Employers adding jobs nationwide as unemployment rate dips to near two-year low

Employers added 192,000 jobs nationwide in February, as the unemployment rate dipped to 8.9 percent, its lowest level in nearly two years.

The unemployment rate today fell by 0.1 of a percentage point from January, the first time it’s been below 9 percent since April of 2009, according to the U.S. Bureau of Labor Statistics.

Employment rose across all major non-government sectors, led by 47,000 jobs added in professional and business service, 34,000 in health care and 33,000 each in manufacturing and construction sectors. Government employment declined by 30,000 for the month.

The labor force of 153.2 million and the number of unemployed persons at 13.7 million remained essentially unchanged from January.  In addition, the manufacturing workweek for all employees rose by 0.1 hour to 40.5 hours, while factory overtime rose by 0.2 hour to 3.3 hours.

Six million workers have been jobless for 27 weeks or more, classified as long-term unemployed, accounting for 43.9 percent of the total unemployed, but the number fell by 217,000 from January.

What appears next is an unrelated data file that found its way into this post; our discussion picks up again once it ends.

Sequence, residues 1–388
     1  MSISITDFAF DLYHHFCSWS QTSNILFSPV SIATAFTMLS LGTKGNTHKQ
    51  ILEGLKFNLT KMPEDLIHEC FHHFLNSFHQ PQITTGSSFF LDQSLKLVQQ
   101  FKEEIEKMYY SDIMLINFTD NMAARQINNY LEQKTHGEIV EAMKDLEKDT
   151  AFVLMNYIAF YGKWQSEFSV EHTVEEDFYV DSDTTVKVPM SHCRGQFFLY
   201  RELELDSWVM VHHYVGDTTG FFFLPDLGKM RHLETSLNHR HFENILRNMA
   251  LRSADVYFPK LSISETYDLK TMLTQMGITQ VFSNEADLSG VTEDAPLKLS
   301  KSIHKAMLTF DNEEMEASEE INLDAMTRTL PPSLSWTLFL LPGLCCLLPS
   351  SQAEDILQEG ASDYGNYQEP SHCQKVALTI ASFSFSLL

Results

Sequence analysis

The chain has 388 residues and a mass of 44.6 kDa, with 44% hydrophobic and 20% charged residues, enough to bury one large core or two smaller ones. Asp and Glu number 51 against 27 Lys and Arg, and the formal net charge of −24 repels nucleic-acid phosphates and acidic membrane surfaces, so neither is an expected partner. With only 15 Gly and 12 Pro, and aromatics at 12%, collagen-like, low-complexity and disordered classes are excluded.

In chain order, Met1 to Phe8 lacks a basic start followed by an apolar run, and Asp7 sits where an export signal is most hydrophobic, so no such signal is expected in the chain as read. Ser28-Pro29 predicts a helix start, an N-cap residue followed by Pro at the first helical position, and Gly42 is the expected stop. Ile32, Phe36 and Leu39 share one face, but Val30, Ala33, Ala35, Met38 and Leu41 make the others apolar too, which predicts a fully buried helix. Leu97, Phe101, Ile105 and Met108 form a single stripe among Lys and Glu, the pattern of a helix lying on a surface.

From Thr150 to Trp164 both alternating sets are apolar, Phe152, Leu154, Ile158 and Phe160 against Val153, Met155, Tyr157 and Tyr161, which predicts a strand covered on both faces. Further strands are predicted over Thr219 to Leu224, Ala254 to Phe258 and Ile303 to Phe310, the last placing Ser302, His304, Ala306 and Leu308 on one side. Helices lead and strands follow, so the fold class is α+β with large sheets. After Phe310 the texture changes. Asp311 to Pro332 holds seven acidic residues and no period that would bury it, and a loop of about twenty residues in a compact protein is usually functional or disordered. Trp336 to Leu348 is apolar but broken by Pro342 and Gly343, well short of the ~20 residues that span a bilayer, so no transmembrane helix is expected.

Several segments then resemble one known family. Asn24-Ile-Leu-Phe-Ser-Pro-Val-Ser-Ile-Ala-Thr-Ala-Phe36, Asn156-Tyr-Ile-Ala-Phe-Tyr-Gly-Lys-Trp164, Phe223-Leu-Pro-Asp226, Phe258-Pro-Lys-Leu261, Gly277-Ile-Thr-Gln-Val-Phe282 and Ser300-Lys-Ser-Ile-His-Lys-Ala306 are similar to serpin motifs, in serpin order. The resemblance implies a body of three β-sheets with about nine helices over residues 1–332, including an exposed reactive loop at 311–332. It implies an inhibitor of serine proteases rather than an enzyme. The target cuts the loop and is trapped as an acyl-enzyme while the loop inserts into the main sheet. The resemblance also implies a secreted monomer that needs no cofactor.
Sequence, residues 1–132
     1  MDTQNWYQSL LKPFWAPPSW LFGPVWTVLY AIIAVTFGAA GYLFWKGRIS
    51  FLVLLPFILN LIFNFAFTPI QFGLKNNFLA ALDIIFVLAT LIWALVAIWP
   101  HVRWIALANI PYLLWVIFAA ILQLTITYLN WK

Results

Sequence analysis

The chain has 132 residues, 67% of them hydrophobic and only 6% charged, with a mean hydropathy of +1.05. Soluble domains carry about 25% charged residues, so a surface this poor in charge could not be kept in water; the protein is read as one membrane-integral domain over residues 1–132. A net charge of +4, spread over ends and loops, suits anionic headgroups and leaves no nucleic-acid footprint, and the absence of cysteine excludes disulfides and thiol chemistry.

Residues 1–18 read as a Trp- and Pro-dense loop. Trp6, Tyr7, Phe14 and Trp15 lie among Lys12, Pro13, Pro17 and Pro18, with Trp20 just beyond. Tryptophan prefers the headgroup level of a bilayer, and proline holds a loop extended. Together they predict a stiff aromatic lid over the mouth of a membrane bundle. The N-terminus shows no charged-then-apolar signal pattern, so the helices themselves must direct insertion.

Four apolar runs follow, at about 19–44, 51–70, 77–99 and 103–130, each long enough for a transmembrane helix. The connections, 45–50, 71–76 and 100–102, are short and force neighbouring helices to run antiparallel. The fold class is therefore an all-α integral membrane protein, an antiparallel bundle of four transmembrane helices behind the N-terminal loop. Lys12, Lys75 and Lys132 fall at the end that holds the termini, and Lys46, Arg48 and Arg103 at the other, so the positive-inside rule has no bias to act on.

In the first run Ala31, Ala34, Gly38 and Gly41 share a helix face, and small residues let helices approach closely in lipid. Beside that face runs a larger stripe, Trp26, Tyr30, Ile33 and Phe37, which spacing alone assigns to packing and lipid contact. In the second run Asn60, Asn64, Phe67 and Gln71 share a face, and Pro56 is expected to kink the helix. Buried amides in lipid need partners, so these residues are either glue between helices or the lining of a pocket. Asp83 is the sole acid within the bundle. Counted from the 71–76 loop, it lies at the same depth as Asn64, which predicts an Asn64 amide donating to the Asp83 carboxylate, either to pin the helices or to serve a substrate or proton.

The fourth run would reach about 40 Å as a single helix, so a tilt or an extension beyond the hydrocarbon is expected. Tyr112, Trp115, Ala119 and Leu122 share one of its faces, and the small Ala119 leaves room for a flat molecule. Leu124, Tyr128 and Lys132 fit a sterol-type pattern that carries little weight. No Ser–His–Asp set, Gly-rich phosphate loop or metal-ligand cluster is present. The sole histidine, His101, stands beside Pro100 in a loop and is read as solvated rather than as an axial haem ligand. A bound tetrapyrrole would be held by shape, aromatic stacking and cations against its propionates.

One million people were categorized as “discouraged workers” (not currently looking for work because they believe no jobs are available for them). That’s up 27,000 from January but down 183,000 from a year ago. These workers are not counted in the official unemployment rate.

This morning’s report follows two months in a row of large 0.4 percentage-point declines in the unemployment rate. The rate has fallen by that amount or more only six times in the last 40 years.

The relatively strong jobs report followed a more troubling report earlier in the week showing a 32 percent rise in planned job cuts announced by U.S.-based employers in February, compared with the previous month, according to the outplacement consultancy Challenger, Gray & Christmas.  

The announced 50,702 future layoffs is highest total since last March, including 3,973 reported job cuts in Minnesota, The largest number of announced layoffs came from government and nonprofit employers, which announced 16,380 job cuts, up 154 percent from 6,450 in January and 196 percent higher than a year ago.

“It is too soon to say whether the increases in January and now February represent a trend,” said John A. Challenger, chief executive officer of Challenger, Gray & Christmas. “Certainly the specter of rising gas prices could impact employers’ staffing decisions over the next six months.  At the very least, rising energy costs could force employers to postpone hiring plans.  At worse, increased costs could kill the fragile recovery and spur another round of layoffs.”

Minnesota’s February unemployment report for February is scheduled for release March 17.

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